Academy Award-nominated “Chinatown” producer Robert Evans died on Saturday night. He was 89.
From a cocaine-trafficking conviction in 1980 to his connection to the murder of Roy Radin during the making of “The Cotton Club” in 1983, Evans’ life was the stuff of Hollywood legend, as were his credits. Following a brief acting career that pulled him out of his day job of selling women’s clothing, beginning with 1957’s “The Man of a Thousand Faces,” Evans took the reins as an executive at Paramount overseeing such films as “Barefoot in the Park,” “The Odd Couple,” “Rosemary’s Baby,” and “True Grit.” He went out on his own as a producer, beginning with Roman Polanski’s 1974 noir “Chinatown” (which earned him his Best Picture Oscar nomination), followed by “Marathon Man,” “Black Sunday,” “Popeye,” “The Cotton Club,” and more, making him one of the most influential figures of the New Hollywood of the 1970s.
Evans had many clashes with Francis Ford Coppola throughout his career, and his influence on the making of “The Godfather” films, also at Paramount, remains a matter of dispute. Evans and Coppola notoriously came to blows over the latter’s beleaguered “The Cotton Club,” which just received a theatrical re-release for its director’s cut this month.
Despite suffering a major stroke in 1998, Evans continued to work through nearly up until his death. His last major hit, though, was 2003’s “How to Lose a Guy in 10 Days.”
Evans was married seven times throughout his life, including to “Dynasty” actress Catherine Oxenberg for a little over a week, and, most famously, to actress Ali McGraw. Their split caused a media circus when it came out that McGraw had dumped Evans for her costar, Steve McQueen, with whom she starred in 1972’s “The Getaway.”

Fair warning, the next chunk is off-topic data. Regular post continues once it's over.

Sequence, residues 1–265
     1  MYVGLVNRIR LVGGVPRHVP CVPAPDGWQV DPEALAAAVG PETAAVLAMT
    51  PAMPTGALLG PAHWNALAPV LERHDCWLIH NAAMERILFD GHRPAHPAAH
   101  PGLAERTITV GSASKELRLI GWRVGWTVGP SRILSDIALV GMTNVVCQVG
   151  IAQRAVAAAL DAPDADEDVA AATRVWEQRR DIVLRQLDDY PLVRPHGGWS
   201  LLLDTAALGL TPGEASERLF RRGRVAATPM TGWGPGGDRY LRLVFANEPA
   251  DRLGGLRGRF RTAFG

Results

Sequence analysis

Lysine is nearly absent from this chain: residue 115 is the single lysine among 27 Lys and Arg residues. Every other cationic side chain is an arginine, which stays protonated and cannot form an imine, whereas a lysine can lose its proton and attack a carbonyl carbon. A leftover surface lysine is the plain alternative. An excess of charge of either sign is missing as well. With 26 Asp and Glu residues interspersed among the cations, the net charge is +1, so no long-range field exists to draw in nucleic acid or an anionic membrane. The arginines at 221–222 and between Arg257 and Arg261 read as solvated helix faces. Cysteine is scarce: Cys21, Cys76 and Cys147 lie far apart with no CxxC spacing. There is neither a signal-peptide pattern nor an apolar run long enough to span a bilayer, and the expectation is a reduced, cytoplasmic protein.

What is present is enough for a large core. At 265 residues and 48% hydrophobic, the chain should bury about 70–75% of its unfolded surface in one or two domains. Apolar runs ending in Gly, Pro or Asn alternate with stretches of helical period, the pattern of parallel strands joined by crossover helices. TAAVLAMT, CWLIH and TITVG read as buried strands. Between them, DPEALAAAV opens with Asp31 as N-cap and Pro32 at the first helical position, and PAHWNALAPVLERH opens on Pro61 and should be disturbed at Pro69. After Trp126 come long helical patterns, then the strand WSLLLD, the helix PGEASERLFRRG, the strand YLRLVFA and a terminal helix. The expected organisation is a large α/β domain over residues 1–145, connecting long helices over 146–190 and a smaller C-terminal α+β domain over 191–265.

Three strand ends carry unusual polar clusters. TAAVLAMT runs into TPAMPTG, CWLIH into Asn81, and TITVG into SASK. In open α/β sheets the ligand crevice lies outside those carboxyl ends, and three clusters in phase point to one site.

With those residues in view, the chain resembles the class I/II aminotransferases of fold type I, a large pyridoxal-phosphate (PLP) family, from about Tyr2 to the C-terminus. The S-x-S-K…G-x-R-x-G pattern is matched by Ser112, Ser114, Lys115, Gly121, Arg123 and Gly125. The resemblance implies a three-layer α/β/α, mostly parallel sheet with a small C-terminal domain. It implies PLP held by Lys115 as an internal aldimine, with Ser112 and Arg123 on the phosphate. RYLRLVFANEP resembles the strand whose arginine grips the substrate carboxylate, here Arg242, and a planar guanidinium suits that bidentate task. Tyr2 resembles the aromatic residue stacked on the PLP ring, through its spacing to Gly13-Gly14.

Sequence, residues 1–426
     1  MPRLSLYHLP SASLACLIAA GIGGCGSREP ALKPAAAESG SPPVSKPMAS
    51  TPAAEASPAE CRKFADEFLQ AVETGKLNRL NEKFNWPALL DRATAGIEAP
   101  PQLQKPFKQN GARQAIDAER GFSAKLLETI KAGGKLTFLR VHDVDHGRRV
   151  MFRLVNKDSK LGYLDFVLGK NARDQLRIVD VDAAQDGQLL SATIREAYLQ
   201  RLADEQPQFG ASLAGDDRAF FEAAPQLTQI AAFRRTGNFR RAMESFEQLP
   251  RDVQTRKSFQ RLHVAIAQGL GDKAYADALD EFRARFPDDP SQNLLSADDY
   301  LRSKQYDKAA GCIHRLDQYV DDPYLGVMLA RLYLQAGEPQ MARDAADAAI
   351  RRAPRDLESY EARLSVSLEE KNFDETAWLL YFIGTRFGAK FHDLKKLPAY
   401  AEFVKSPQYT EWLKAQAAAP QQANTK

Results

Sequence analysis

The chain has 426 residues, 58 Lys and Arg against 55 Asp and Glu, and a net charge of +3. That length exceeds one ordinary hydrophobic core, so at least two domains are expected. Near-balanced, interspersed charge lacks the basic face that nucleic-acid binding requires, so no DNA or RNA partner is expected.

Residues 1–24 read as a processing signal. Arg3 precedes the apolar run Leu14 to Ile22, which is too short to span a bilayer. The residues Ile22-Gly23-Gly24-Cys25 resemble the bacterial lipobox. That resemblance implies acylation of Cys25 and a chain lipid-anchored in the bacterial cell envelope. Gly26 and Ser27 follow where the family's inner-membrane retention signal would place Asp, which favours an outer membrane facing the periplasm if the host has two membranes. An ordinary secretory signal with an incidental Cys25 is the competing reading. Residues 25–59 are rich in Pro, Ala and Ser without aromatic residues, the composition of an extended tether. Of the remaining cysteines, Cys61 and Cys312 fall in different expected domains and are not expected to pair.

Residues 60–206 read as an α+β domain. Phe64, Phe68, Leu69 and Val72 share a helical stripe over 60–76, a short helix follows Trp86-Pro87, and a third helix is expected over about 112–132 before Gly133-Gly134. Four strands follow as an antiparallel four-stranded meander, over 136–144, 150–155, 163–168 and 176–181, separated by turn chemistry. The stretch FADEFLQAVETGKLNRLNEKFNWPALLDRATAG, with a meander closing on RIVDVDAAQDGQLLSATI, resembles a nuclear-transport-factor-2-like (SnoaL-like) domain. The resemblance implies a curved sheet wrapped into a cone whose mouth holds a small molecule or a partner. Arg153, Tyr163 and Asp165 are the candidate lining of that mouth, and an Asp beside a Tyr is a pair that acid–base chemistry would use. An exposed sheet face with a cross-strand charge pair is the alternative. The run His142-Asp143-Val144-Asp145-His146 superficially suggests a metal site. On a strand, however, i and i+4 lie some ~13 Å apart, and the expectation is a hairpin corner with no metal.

In 1994, Evans detailed his wild career in his biography “The Kid Stays in the Picture,” which was later adapted into a 2002 documentary directed by Nanette Burstein and Brett Morgen. The title, Evans said, came from a telegram by executive Darryl Zanuck in response to pleas from Evans’ co-stars on 1957’s Ernest Hemingway adaptation “The Sun Also Rises” to replace the actor.
Peter Biskind’s 1998 books “Easy Riders, Raging Bulls” offers an intimate glimpse at Evans’ hard-partying days in the 1970s, and charts his influence on the period’s leading luminaries. “Evans was one of the great crash-and-burn stories of the ’70s,” Biskind wrote in “Easy Riders.” He “evinced a peculiar mixture of treacly Hallmark Card sentimentality …and a self-destructive darkness that would lead him into murky waters over his head.” In 2013, Evans told The Telegraph, “Whatever indiscretions I’ve had in my life, I’ve paid for them pretty good.”